By: Blonde Two

We Blondes quite often get asked questions about getting started in walking. These make us smile because they are proof that the Get Outside message is taking hold and encouraging people to walk. There is even more good news in that walking is probably one of the easiest outdoor activities to get into. All you need is a stout pair of shoes or boots and a few key pieces of hill walking equipment, which we will talk about in just a minute. We realise that all of this is easy to say for a pair of women who spend as much time as we do out in the hills, so here are our top tips on hill walking for beginners

 

How can I find out more about hill walking?

There is lots of information on the internet about hill walking, the trick is to find ways to filter through to information that relates to the type of walking that you want to do. Some people do hill walking for health, but the truth is that there are as many reasons to start walking as their are places to walk. If you like social media, look for Facebook groups in your area; for example, if you search for ‘Walking Devon’ in ‘Groups’ on Facebook, you will find several groups with different walking interests. Hill walking blogs too are a great way of finding out more about starting hill walking. You usually find that people who enjoy writing about a topic enjoy doing it too and, generally speaking, walkers are pleased to encourage others to share their passion. We obviously recommend Two Blondes Walking but Cumbrian Rambler and Andy Howell’s Trekking and Backpacking blogs are also great for encouraging beginners.

 

What hill walking equipment do I need?

We write long lists of essential hill walking equipment but the basics are really quite simple to assemble. To get started in hill walking you will need:

  • A strong pair of walking boots or walking shoes (we prefer boots for ankle support)
  • Waterproof trousers and top (buy second hand when you first start)
  • A rucksack of at least 30 litres (with a used plastic bag to line it and make it waterproof)
  • A 1:25,000 map (of the area you will be walking in) and a compass
  • A torch (a head torch is best but again, look for a second hand one)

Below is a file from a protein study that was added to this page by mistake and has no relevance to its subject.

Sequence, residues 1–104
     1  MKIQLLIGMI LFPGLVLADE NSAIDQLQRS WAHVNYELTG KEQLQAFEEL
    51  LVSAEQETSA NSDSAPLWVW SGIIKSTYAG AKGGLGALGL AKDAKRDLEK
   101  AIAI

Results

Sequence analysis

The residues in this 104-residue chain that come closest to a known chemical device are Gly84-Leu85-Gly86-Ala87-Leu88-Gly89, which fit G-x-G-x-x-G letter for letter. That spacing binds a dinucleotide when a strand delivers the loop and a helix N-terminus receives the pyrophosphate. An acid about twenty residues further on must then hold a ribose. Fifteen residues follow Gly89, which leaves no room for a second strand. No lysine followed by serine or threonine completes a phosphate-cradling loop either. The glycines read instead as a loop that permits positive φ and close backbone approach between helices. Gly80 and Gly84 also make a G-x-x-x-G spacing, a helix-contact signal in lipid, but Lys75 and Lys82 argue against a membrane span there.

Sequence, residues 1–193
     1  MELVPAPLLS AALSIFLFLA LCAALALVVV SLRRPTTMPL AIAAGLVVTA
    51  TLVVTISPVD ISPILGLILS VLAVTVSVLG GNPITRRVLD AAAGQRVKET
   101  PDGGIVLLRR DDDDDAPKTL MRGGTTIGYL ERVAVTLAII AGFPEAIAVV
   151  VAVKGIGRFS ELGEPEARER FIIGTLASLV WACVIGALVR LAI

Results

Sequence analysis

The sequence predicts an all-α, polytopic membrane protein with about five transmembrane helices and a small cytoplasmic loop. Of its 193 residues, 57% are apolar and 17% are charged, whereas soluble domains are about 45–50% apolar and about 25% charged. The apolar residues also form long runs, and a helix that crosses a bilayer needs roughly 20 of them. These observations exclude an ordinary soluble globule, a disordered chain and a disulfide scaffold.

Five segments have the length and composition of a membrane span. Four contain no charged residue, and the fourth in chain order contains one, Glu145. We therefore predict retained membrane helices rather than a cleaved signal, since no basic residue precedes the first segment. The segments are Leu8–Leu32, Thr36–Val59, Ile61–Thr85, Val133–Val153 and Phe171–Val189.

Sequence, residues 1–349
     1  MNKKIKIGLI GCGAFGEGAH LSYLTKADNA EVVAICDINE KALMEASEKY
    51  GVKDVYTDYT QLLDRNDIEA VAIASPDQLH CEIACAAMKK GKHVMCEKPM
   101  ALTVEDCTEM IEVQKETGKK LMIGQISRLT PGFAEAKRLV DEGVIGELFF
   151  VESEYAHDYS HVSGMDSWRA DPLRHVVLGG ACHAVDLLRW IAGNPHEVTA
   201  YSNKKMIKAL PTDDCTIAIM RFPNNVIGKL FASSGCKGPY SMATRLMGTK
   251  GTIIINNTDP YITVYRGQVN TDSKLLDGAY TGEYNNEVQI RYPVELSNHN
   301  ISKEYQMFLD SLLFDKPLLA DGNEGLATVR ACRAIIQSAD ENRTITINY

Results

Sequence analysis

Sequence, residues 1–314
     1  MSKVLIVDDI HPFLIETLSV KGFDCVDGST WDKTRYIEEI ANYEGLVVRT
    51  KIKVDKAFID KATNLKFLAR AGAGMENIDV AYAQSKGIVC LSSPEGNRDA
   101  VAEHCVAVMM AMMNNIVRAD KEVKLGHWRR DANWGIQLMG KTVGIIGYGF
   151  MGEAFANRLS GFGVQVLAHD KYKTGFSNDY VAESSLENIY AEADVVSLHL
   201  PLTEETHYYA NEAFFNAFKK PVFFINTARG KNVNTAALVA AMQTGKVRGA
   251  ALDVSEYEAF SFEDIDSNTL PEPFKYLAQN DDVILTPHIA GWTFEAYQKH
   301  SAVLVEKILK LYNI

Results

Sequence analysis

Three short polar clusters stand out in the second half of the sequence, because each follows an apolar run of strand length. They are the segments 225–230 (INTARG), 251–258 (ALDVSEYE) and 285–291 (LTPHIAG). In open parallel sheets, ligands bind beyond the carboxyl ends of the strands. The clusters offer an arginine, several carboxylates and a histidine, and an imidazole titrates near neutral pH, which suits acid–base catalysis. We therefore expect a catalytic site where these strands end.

• Some warm clothes (avoid cotton in either your trousers or top)

Walking equipment can be expensive and you generally get what you pay for but don’t let that put you off. These days you can get perfectly good start walking gear at budget stores such as Millets and Mountain Warehouse. If you decide that you enjoy hill walking (and we think you will) you can always sell your budget gear on to another budding walker and treat yourself.

 

How can I find other people to go walking with?

Finding other people to walk with can be a sticking point for lots of people. We enjoy company for lots of reasons and walking with experienced walkers can encourage us to explore different places and gain confidence. The good news is that walkers are a sociable bunch and there are lots of walking groups out there eager to greet new members. The Ramblers run hundreds of walks every week at six different levels (we recommend starting small) including child friendly and dog friendly walks. You are allowed to try out a walk for free but membership is encouraged if you want to continue walking with them.

Another great way to find people to go walking with is to look out for walking festivals. These are becoming more and more popular and most offer beginners or easy walks that will suit anyone getting started in walking. To find a walking festival near you, check out Ordnance Survey’s Walking Festival page, you might even spot a couple of Blondes in August. We have taken part in both the Dartmoor Walking Festival and the Walk Scilly Festival on the Isles of Scilly and can recommend both.

 

How can I find walking routes?

The Ramblers have walks on their website and many walking blogs also offer advice about local and UK wide walks. We specialise in Dartmoor walks but for UK wide walks with proper Ordnance Survey mapping, we recommend you try a 7-day free trial of OS Maps, which offers a whole range of walking routes that you can access on your mobile device and use whilst walking. HOWEVER mobile devices ARE NOT a substitute for good map and compass skills. We run navigation courses on Dartmoor but there are providers all across the UK. Before you book navigation training or guided walks with any provider, make sure you check that they have the appropriate walking qualifications.

We hope our beginners’ guide to walking will encourage you to take your first step into the world of hill walking. If you do, we can guarantee that it won’t be your last. Have fun, stay safe and let us know how you get on.

 

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